My Review: I love books that transport me to new and different places, and this book delivered in a big way. The author's meticulous research transported me into the life of an immigrant shopkeeper in Jamaica in the early 20th century. It taught me about Jamaican history, Hakka Chinese culture, how slavery affected concepts of family in Afro-Caribbean communities, and even what it was like to grow up poor in Harlem during the Civil Rights Movement. The book flags a little when the author tries to fit the entire history of 20th century China into a couple chapters, but that one flaw is easy to overlook. This is a complex story with a happy ending, and very enjoyable to read.
The story: Esch is a 15-year-old African-American girl who lives in desperate poverty in the deep south. Each of her family members is on a desperate quest for hope and escape, whether by breeding prize-winning pit bulls, winning the love of a neighborhood boy, or hanging onto the memories of a dead mother. Each of the characters tries to go on living a normal life with Hurricane Katrina on the horizon, ready to shatter everything they know.
My review: My enjoyment of the book suffered because the jacket copy set me up for a different story from what I got. I expected it to be an entire novel about preparing for and surviving a hurricane, with each character trying to hold onto whatever gives them hope. It is actually about 75% about the characters' day-to-day lives with a hurricane at the end. The writing is gorgeous, and the main character is achingly human, so I think I would have liked the book if the story line hadn't been misrepresented. As it was, I kept getting impatient for the hurricane and the suspense it promised. Read the book if you want to witness a slice of life that's probably very different from your own. Do not read it if you want to read a daring tale of surviving a natural disaster.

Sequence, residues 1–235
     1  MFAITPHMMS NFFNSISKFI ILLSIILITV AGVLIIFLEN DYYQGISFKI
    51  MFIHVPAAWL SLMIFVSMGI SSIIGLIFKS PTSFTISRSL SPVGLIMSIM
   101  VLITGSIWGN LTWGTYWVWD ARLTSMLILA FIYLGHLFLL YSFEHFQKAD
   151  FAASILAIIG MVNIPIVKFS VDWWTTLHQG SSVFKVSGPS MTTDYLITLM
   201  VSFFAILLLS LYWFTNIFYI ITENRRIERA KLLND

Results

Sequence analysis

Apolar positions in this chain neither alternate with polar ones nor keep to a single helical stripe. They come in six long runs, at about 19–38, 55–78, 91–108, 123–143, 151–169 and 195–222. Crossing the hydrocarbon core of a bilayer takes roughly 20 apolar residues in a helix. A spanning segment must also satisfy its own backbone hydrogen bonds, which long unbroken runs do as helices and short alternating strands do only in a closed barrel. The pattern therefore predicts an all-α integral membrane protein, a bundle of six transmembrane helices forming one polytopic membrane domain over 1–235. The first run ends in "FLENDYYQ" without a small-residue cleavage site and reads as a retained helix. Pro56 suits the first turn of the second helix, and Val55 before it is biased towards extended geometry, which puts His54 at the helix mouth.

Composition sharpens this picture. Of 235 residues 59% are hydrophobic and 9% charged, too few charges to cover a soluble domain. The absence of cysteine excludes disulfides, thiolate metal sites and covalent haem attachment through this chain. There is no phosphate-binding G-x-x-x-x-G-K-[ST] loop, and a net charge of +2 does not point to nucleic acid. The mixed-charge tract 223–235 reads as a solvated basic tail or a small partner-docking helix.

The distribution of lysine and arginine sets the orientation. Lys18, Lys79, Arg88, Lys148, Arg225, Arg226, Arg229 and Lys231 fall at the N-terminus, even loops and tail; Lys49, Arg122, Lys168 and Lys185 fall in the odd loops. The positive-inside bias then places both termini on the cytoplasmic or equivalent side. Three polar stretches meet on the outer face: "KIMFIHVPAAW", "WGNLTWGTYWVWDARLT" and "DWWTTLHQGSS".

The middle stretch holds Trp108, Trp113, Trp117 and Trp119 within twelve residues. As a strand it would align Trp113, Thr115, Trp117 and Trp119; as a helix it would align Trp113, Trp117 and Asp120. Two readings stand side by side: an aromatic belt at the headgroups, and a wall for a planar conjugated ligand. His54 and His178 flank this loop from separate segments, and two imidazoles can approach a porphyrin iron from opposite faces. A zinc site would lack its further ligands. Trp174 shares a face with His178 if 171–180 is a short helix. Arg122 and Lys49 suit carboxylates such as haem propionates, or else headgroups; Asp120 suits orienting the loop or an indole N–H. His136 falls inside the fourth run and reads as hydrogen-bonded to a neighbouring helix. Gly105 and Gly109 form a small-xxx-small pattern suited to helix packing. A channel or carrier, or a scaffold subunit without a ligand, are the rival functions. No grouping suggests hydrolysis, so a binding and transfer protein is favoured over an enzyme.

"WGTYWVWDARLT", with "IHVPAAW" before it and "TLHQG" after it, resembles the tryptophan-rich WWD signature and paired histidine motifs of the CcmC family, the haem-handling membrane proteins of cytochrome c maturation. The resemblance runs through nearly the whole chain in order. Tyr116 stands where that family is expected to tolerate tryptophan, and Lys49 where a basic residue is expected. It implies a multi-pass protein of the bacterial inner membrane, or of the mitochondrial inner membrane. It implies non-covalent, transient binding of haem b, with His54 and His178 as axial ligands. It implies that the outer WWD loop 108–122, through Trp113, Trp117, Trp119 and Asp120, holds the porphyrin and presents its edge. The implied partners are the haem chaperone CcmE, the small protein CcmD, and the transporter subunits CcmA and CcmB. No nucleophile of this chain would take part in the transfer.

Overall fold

I started my second eight-week swimming course tonight, and they put me in the advanced class this time. Eek! I mean, I was getting frustrated in the beginner's class last time, but I thought I might go in the intermediate group? I am in over my head. Literally. We are practicing in the deep end of the pool.
The thing I like about swimming is that I am good at figuring it out. I've never felt like I was good at anything physical before -- and objectively, I'm still not a good swimmer, but I am good at figuring out what I'm doing wrong and how to improve. Tonight I wasn't getting my left arm to rotate correctly, so I started practicing with only that arm. Then I made up a drill where I passed a kick board back and forth between my hands, and by the end of the night I was using both my arms much better. Usually, when I try physical things I can't improve like that.
Anyway, it's fortunate that I took swimming lessons before the big Panama snorkeling trip (which I will make a separate post about this weekend). It was not drifting lazily around near a boat. It was stuff like, "jump out of the boat here, then swim between these two islands and come around the rocks. The boat will pick you up on the other side. PS the current is really strong." I would have been in real trouble without the lessons, but I made it! Sometimes I was even ahead of the rest of the group!